Turrialba, Costa Rica is less than two hours from the capital city of San Jose, but feels worlds away. This small agricultural village is too off-the-beaten path for most tour groups so it’s rarely full of tourists, yet it offers much to those who visit: breathtaking views, strong organic coffee, outstanding grass-fed cheese, world class white water rapids, and the country’s largest archeological site, Guayabo National Monument.Guayabo National Monument — Photo courtesy of Adam Singer Within the expansive archeological site, an ancient civilization constructed a complex aqueduct system and left behind mysterious petroglyphs containing messages that have yet to be deciphered. Some of what has has been excavated is on display at the Museo de Oro-Precolombino in San Jose, but there is plenty of ground that has yet to be covered and many pieces remain in-situ.
The Rio Pacuare that runs through Turrialba, Costa Rica offers the most scenic rafting in the country, and some say all of Central America. Flanked by lush rainforest and steep canyons down the Caribbean slope, the Rio Pacuare offers a combination of fierce runs and some calm spots for taking in some of the tropical rainforest landscape that surrounds you. The Rio Pacuare’s rapids can be accesses year round, however June to October are the peak months, and they range in class from II to V. There are tour agencies in Turrialba that can book your trip, but excursions can also be arranged from most hotels in San Jose.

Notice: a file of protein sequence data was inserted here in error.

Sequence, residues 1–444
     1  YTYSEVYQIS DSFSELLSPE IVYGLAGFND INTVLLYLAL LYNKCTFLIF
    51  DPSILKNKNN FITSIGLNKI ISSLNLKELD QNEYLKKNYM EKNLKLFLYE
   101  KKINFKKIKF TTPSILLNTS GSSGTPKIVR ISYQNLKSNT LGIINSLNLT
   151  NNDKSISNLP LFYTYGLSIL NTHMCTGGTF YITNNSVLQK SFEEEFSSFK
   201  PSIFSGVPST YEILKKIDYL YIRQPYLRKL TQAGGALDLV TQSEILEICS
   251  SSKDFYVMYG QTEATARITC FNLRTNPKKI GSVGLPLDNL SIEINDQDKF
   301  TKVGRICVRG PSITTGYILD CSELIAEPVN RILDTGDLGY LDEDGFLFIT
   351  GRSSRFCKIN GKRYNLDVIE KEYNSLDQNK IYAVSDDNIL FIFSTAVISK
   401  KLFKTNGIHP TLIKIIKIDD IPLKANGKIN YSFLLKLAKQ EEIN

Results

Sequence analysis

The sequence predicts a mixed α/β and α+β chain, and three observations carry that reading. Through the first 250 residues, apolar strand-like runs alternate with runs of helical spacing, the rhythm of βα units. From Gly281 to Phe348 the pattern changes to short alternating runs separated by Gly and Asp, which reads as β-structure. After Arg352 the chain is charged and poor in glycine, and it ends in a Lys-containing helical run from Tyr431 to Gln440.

In Santa Cruz de Turrialba, queso is the name of the game. This tiny town is the production mecca of the country's most coveted cheese, claiming 250 dairy farms and 150 cheese making operations within its tiny borders. The annual Feria de Queso draws foodies from all over to taste the eponymous Turrialba cheese.
The rarely visited Parque Nacional Volcan Turrialba offers an excellent opportunity to explore a volcano summit; Turrialble last erupted in 1866, and the surrounding park around the volcano is a lush eco-system full of exotic flora and fauna- more than 80 species of birds inhabit the small area.
Getting to Turrialba is simple; a direct public bus runs on the hour from the city of San Jose, takes less than two hours, and costs less than $5. Driving is almost as easy, since it’s only one road once you navigate your way out of the city.